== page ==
Software

Showtime for Stadia cloud gaming service

Google set out to transform the video game world Tuesday with the launch of a service called Stadia that is crafted to let people access console-quality games as easily as they do email.

Internet

Google enters battle for cloud gaming market

Ever-expanding Google becomes a gaming company Tuesday with the launch of its Stadia cloud service that lets people play console-quality video games on a web browser or smartphone.

Business

Apple TV+ seeks stardom on streaming service stage

Apple moved into new territory Friday with a streaming television service that features a budding library of original shows starring big-name celebrities, aimed at winning over its gadget lovers at home and on the go.

Streaming TV gears up for ad targeting

In the new world of streaming television, advertising is not going away, but is evolving to become more like marketing on the internet—targeted to specific groups or individuals.

Business

Contenders cramming TV streaming arena

Letting people watch whatever shows they want, wherever they wish on devices of their choice has become such a hit it is shaking up the television industry.

Business

Amazon buys into Roland Garros TV rights

Amazon has continued its push into the world of tennis by acquiring some of the rights to stream matches at Roland Garros from 2021, the French tennis federation (FFT) announced on Thursday.

Software

FTC encourages app developers to ensure disclosure

Twelve app developers were sent warning letters on Thursday from staff at the Federal Trade Commission. The subject at hand: The use of SilverPush software. They are developers whose apps are available for download in the ...

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Television

Television (TV) is a widely used telecommunication medium for transmitting and receiving moving images, either monochromatic ("black and white") or color, usually accompanied by sound. "Television" may also refer specifically to a television set, television programming or television transmission. The word is derived from mixed Latin and Greek roots, meaning "far sight": Greek tele (τῆλε), far, and Latin visio, sight (from video, vis- to see, or to view in the first person).

Commercially available since the late 1930s, the television set has become a common communications receiver in homes, businesses and institutions, particularly as a source of entertainment and news. Since the 1970s the availability of video cassettes, laserdiscs, DVDs and now Blu-ray discs, have resulted in the television set frequently being used for viewing recorded as well as broadcast material.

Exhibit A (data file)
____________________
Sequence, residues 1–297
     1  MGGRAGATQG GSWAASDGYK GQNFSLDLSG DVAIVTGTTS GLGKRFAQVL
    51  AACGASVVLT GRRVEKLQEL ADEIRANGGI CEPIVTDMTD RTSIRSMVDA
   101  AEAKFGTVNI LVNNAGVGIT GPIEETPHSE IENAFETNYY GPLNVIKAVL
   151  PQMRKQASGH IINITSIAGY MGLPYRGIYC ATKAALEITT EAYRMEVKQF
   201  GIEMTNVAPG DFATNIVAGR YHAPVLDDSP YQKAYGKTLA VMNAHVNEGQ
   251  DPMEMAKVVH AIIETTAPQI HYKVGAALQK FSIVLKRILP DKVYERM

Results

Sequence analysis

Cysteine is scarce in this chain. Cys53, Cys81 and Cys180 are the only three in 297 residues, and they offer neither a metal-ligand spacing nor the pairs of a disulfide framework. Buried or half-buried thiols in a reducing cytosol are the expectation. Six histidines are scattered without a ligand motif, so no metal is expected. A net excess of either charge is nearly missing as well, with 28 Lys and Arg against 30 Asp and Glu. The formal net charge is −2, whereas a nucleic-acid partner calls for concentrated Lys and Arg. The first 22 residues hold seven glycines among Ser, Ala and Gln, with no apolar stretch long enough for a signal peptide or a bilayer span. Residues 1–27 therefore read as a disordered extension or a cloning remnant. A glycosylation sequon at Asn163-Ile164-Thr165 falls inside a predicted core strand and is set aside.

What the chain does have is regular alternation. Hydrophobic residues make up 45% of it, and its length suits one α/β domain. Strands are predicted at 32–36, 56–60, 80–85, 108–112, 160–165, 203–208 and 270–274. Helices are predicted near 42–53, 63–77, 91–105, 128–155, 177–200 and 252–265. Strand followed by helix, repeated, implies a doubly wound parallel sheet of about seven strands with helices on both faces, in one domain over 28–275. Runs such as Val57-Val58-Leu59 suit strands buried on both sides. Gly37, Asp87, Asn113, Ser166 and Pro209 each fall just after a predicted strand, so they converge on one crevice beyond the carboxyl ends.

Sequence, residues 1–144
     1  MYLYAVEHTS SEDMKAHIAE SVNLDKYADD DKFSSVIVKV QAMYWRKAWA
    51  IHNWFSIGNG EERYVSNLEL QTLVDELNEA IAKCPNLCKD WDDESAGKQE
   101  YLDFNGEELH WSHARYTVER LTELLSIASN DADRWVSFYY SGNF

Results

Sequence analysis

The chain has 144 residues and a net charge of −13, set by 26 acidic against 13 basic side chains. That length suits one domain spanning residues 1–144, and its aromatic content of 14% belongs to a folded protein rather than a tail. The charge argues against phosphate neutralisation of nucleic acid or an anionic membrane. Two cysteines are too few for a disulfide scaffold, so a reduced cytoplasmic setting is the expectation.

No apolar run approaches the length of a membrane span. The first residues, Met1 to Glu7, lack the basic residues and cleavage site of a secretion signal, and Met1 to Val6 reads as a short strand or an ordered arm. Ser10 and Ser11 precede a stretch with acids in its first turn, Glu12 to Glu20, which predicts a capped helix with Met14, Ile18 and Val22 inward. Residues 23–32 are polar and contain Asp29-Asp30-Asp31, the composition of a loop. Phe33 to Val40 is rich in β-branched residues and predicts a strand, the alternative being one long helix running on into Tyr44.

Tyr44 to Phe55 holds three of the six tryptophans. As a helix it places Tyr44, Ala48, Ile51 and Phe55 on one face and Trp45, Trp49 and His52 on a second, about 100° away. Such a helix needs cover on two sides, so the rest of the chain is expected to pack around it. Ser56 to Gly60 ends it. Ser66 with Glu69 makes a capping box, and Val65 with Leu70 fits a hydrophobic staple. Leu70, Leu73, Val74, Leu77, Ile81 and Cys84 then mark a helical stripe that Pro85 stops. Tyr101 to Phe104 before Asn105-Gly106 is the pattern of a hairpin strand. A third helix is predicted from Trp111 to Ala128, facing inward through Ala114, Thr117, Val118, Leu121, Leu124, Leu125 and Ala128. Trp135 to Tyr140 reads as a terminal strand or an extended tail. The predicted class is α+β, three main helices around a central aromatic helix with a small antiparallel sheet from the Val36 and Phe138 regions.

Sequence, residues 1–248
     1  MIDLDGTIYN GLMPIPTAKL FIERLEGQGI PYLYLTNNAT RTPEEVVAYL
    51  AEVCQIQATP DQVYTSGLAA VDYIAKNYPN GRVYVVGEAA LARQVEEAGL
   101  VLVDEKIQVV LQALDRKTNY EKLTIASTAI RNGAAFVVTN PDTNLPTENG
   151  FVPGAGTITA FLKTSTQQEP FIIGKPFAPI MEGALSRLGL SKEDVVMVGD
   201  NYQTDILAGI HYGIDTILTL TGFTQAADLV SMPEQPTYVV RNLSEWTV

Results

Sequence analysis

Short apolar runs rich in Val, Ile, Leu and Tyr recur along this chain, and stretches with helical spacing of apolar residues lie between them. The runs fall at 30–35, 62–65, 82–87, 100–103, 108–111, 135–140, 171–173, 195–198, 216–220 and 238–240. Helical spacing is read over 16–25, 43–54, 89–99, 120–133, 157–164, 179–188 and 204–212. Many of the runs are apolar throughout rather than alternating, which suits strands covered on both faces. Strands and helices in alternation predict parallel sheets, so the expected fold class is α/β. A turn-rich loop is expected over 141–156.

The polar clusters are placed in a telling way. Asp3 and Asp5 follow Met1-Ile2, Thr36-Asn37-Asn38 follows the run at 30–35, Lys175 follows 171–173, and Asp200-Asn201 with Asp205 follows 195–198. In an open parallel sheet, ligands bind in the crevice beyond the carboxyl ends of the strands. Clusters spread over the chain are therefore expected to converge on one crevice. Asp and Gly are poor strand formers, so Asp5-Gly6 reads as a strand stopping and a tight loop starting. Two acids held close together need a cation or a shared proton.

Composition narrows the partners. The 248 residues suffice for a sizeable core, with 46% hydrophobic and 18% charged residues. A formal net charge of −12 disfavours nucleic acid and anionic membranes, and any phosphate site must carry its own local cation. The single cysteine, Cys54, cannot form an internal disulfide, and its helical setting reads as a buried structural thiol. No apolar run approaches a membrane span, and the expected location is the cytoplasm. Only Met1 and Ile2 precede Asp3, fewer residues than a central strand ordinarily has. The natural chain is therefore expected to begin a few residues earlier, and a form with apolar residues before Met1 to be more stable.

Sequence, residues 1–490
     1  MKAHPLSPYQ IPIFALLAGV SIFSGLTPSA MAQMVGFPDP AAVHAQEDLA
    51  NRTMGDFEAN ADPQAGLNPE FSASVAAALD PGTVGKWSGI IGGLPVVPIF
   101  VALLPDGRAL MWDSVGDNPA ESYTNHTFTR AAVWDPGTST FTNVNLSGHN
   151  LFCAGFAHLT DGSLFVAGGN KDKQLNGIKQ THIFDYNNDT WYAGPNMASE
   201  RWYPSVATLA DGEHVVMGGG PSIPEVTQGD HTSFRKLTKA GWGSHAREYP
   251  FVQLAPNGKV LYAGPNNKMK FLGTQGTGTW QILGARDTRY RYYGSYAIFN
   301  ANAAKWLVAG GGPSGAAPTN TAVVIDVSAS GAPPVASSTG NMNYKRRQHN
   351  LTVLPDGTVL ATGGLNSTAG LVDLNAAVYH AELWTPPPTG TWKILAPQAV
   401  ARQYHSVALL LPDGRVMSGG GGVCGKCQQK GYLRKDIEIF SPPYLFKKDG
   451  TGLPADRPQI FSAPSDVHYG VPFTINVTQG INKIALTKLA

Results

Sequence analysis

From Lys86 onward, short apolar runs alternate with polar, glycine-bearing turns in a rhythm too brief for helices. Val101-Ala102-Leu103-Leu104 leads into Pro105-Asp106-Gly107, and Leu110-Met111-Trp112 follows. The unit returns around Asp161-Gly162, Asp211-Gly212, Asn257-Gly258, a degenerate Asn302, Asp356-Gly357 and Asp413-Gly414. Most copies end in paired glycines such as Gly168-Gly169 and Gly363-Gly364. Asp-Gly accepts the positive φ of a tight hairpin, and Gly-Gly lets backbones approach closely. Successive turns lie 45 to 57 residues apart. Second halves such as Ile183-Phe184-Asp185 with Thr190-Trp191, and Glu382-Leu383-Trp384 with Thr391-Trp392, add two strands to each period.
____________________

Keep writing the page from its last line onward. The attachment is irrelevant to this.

Although other forms such as closed-circuit television are in use, the most common usage of the medium is for broadcast television, which was modeled on the existing radio broadcasting systems developed in the 1920s, and uses high-powered radio-frequency transmitters to broadcast the television signal to individual TV receivers.

Broadcast TV is typically disseminated via radio transmissions on designated channels in the 54-890 megahertz frequency band. Signals are now often transmitted with stereo and/or surround sound in many countries. Until the 2000s broadcast TV programs were generally recorded and transmitted as an analog signal, but in recent years public and commercial broadcasters have been progressively introducing digital television broadcasting technology.

A standard television set comprises multiple internal electronic circuits, including those for receiving and decoding broadcast signals. A visual display device which lacks a tuner is properly called a monitor, rather than a television. A television system may use different technical standards such as digital television (DTV) and high-definition television (HDTV). Television systems are also used for surveillance, industrial process control, and guiding of weapons, in places where direct observation is difficult or dangerous.

Amateur television (HAM TV or ATV) is also used for experimentation, pleasure and public service events by amateur radio operators. HAM TV stations were on the air in many cities before commercial TV stations came on the air.

This text uses material from Wikipedia, licensed under CC BY-SA